Apr 21 2014

Paul Williams



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Acceptance, Patience



One of the most powerful scenes in the movie “Network” was Peter Finch playing a disillusioned broadcaster screaming that he was “mad as hell and not gonna take it anymore!”  It earned him an Oscar.

Rosa Parks courageous refusal to give up her seat to a white woman on a Montgomery Alabama bus is celebrated as a seminal moment in the birth of the CIvil Rights Movement

Life saving discovery’s in medicine may be traced to brilliant minds refusing to believe that polio and small pox were just part of life.

While we all celebrate such aggressive and revolutionary acts, I find great value in the occasional choice of passivity and acceptance.  The fine art of “Letting it be” is a useful option.

For the last twenty-four years I’ve followed some sage advice about how to deal with things in this world that I can and cannot change.  I ask for help.

“God grant me the serenity to accept the things I cannot change, courage to change the things I can, and the wisdom to know the difference.”

That legendary prayer offers bite sized instruction that’s easy to digest. It’s a beautiful entry level mantra for living with unresolved problems.  It’s the perfect blueprint for dealing with those problematic parts of life that can’t be changed. A great prayer, I use it often.

“And acceptance is the answer to all my problems” states an iconic recovering doctor in the same journal where I first read the prayer.   Certainly there are things in this world we’d all love to change but can’t, so it makes sense to pray for the ability to comfortably accept that fact.

It’s the second line of the prayer that fascinates me. “Courage to change the things I can.”   That’s where I find the wiggle room that requires a little discussion.

Just because I can change something doesn’t mean it’s the best, right action. That moment of choice is one I’m trying to be more conscious of.  What are the unintended consequences of my interfering.

Our first affirmation, “Something needs to change and it’s probably me” points me in the direction of my real work.  Can I fix the problem by fixing something in my own behavior? That’s usually where the solution lies for me.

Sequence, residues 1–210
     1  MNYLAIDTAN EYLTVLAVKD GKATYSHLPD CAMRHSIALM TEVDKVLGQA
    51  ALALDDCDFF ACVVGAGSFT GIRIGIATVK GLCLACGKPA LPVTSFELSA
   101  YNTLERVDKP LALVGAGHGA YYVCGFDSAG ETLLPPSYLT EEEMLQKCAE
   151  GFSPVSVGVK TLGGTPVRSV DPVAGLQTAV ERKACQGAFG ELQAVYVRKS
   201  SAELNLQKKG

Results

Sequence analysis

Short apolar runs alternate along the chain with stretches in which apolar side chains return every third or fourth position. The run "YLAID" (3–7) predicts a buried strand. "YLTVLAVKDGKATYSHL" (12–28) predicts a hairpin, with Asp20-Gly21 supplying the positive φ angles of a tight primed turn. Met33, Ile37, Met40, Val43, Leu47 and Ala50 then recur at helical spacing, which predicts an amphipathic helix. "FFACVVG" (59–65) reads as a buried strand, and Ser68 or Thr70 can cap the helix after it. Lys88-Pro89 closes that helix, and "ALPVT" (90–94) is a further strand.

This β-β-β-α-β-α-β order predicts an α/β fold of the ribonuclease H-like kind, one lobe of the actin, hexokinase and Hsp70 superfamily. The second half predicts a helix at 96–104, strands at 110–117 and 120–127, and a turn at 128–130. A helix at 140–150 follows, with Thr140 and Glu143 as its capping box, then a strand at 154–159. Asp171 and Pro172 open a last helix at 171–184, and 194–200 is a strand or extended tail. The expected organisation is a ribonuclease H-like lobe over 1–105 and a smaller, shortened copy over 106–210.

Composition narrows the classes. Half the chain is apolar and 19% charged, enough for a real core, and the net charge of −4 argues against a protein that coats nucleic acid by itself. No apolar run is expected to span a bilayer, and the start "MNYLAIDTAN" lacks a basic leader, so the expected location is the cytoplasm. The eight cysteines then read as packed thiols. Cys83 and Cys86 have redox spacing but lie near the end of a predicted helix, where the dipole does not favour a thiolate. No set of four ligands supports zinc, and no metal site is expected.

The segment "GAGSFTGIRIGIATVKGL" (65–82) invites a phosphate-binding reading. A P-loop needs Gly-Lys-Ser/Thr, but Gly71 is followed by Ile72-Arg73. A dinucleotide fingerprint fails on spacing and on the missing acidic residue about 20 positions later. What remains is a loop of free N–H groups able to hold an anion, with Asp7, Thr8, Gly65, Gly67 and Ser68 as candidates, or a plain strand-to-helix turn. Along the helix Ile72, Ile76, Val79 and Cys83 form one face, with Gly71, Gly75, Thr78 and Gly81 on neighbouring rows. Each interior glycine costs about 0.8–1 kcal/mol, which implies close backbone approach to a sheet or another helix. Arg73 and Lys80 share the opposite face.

Of course there’s a huge variety of “unsettling situations”, (I’m suddenly imagining Daffy Duck saying that), people and scenarios that can spin us out of control in a heartbeat.  Behavior that can quickly morph mellow Paulie into the irate prosecutor or sulking victim.     And that quickly, peace of mind is a thing of the past.

Once I become focused on the problem and fully enmeshed with the source of my displeasure I can say goodbye to the comfort of calm. I like that.  The comfort of calm. Sometimes the way back to the path of peace is simple acceptance. “Not my job to fix this.” is a happy exit from the drama. A bumper sticker band aid usually works as well.  “Live and let Live.”

Still, there are black and white issues that demand our involvement.  The safety of a child.  A drunken friend who needs to be relieved of his car keys.   But, often the ability to accept life on life’s terms and back away, allowing fellow travelers to learn from their mistakes, process their own problems and evolve without my barking instruction is a gift to me and to them.

Acceptance can be the key to a quiet mind and will sometimes open that stuck door that leads us back to the comfort of another day lived in Gratitude and Trust



Paul Williams

Paul Williams is a singer, songwriter, actor, recovery advocate and has been a fixture on the American cultural scene since the seventies. His book Gratitude and Trust is now available.

  • Margaret Garone